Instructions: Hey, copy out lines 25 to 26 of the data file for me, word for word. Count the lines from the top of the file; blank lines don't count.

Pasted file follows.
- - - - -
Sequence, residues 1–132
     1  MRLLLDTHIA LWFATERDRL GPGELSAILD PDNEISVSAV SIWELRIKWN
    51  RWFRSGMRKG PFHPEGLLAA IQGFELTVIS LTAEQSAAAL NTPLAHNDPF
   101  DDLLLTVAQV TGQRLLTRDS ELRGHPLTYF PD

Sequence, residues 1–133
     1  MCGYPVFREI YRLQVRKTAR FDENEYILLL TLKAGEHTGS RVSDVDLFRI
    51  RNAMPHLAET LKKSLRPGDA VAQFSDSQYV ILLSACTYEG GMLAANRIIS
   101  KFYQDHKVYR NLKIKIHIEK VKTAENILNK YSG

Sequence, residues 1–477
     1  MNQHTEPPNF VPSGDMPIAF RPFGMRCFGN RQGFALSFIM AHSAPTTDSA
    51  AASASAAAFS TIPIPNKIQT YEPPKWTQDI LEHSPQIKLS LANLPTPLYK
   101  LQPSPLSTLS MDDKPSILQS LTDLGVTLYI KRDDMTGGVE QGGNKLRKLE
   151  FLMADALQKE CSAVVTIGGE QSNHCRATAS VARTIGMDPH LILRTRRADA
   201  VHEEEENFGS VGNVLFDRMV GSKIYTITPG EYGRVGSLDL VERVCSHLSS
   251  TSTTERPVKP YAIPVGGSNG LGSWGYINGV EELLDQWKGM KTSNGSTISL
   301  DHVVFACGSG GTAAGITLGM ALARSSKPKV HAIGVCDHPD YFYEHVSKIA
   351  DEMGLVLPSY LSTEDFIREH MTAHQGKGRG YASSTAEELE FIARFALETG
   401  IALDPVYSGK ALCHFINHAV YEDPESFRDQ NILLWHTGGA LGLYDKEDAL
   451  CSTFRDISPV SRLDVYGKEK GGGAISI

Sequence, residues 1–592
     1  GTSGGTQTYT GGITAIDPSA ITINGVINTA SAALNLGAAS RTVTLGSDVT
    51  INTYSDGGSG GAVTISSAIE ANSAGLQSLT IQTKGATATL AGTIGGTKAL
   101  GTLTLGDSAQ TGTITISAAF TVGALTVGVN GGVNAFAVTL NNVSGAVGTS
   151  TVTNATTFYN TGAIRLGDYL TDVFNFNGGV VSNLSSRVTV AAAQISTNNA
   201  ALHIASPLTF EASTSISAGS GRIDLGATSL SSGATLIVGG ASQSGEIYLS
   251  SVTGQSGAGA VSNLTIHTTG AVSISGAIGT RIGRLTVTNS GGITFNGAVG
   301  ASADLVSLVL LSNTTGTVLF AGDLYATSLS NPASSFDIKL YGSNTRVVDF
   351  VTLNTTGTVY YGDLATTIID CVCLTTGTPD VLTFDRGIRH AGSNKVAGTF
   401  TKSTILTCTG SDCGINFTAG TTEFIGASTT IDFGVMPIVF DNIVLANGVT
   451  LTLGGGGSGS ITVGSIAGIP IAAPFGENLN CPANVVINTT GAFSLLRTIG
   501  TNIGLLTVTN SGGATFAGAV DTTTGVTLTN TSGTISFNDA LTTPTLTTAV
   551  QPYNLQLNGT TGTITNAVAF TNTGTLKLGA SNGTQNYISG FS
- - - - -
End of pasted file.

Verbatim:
   201  ALHIASPLTF EASTSISAGS GRIDLGATSL SSGATLIVGG ASQSGEIYLS
   251  SVTGQSGAGA VSNLTIHTTG AVSISGAIGT RIGRLTVTNS GGITFNGAVG